Definition of dependency culture in English:

dependency culture

noun

  • A way of life characterized by dependency on state benefits.

    • ‘This electoral demography provides an unassailable base for a dependency culture that dominates the political process.’
    • ‘Another new analysis, carried out by Glasgow City Council, shows that Glaswegians are trapped in a dependency culture.’
    • ‘Some social watchers believe it's creating a dependency culture rather than independently-oriented teenagers, where ‘Mummy and Daddy will provide indefinitely’.’
    • ‘We are trying to move them away from the dependency culture and help encourage these people to be self-sufficient.’
    • ‘The extent of the country's dependency culture has been revealed with research showing 70% of working-age people in one of the country's most deprived areas are receiving state benefits for ill health.’
    • ‘It points up the country's continuing dependency culture which afflicts all social classes, namely that wherever there is a problem we tend to look to government or someone/something else to deliver the solution or change.’
    • ‘Though they have nothing they contrive, somehow, to keep their self respect, the very antithesis of the dependency culture which has grown up in our own country.’
    • ‘Donors are left frustrated by the failure of interventions to achieve desired goals and by the growth in affected regions of a dependency culture that saps economic and cultural strength.’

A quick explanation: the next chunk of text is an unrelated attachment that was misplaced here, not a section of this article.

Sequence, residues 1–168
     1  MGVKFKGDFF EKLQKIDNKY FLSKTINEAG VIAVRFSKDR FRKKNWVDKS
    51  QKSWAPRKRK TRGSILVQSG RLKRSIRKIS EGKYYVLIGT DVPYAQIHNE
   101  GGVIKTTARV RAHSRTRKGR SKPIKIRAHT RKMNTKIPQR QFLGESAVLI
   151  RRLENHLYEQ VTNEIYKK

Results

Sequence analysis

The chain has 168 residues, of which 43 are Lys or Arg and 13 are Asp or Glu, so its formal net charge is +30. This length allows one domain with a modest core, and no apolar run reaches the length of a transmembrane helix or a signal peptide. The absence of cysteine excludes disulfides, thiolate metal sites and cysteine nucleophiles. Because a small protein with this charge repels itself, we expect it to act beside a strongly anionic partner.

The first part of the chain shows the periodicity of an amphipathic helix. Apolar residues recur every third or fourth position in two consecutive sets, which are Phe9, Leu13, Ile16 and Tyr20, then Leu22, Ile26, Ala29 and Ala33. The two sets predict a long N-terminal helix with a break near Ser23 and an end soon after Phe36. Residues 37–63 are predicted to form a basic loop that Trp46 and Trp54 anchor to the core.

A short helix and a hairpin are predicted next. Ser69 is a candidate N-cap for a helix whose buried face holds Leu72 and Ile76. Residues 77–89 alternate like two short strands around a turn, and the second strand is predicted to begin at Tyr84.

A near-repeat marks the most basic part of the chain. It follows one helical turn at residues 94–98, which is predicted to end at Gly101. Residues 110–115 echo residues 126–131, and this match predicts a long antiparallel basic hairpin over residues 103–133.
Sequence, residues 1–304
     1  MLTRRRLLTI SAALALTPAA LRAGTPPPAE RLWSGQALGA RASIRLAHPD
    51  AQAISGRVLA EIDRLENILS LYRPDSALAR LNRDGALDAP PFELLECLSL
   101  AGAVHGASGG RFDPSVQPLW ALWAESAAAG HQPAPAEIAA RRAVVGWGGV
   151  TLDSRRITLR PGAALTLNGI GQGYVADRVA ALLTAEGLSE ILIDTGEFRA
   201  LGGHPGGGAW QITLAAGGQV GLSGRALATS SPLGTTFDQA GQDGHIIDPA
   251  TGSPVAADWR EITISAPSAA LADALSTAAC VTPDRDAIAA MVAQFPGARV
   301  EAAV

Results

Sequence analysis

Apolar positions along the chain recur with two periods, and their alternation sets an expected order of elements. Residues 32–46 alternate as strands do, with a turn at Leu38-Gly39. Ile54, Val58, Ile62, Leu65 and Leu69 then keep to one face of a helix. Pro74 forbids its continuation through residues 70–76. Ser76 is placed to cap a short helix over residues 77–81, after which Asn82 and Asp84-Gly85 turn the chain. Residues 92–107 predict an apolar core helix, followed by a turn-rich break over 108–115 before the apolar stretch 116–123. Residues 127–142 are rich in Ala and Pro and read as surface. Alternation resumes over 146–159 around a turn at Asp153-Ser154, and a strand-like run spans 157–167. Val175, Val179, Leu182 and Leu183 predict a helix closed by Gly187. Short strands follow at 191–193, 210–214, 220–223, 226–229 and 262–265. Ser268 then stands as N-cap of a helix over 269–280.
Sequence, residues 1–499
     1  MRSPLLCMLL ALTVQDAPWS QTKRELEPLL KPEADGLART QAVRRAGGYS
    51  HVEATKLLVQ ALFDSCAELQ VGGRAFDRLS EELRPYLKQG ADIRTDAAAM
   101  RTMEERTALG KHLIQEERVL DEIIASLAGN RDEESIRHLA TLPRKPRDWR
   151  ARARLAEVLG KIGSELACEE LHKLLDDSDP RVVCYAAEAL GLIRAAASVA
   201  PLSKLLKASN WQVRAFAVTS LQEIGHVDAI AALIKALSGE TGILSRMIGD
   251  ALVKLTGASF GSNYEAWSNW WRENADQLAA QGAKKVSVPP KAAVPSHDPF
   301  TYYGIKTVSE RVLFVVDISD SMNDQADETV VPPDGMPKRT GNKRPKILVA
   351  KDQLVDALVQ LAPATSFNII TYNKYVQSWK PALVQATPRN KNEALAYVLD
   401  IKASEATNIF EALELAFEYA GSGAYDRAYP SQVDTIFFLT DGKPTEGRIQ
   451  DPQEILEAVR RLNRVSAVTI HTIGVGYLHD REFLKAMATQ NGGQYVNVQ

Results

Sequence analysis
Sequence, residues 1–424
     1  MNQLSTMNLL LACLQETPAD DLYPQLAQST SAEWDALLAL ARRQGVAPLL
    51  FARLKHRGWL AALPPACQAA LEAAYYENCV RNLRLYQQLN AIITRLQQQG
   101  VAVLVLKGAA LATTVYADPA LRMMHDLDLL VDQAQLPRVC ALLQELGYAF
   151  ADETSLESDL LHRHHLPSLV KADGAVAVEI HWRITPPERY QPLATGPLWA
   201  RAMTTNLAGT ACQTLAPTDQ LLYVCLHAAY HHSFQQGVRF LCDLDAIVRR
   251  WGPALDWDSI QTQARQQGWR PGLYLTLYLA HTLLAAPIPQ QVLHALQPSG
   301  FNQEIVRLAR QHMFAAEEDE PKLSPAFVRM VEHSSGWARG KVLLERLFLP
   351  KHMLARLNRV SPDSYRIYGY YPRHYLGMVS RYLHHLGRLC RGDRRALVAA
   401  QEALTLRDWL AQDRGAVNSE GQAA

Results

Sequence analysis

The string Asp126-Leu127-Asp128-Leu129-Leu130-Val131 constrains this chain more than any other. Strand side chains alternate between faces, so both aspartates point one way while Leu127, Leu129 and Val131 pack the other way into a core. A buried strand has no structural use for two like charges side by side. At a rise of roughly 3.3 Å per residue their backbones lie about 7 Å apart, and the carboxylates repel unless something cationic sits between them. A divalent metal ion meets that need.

• ‘But, for business, the issue is how the enterprise culture can displace the dependency culture.’
    • ‘It creates a high dependency culture that tends to undermine local economic growth and threaten local services.’
    • ‘But prevalent opinion had it that the poor law had been a bad thing for England, encouraging the growth of a dependency culture.’
    • ‘Far from rolling back the state, privatisation institutionalises the corporate dependency culture.’
    • ‘The 1996 federal welfare reform law struck a massive blow against the dependency culture.’
    • ‘The subsidy system is mainly based on how much land or how many animals you have and it has created a dependency culture.’
    • ‘These observations are painfully correct, as are the concerns raised about our dependency culture and the class-war scores undertaken by too many of our politicians.’
    • ‘He further reckoned that the allocation of land with so much financial support from the state was creating a dependency culture and ‘takes away initiative’ in the farming community.’
    • ‘Yet the contrary twin to this dependency culture is a growing desire to become self-reliant.’
    • ‘The important thing was to get the community on board because we don't want to create a dependency culture.’
    • ‘However an inability to let go of our hopes and desires leads men to seek artificial solutions from the pharmaceutical industry, breeding a dangerous and risk-laden drug dependency culture.’
    • ‘Yet the same government also fuelled the dependency culture with its incapacity benefits system.’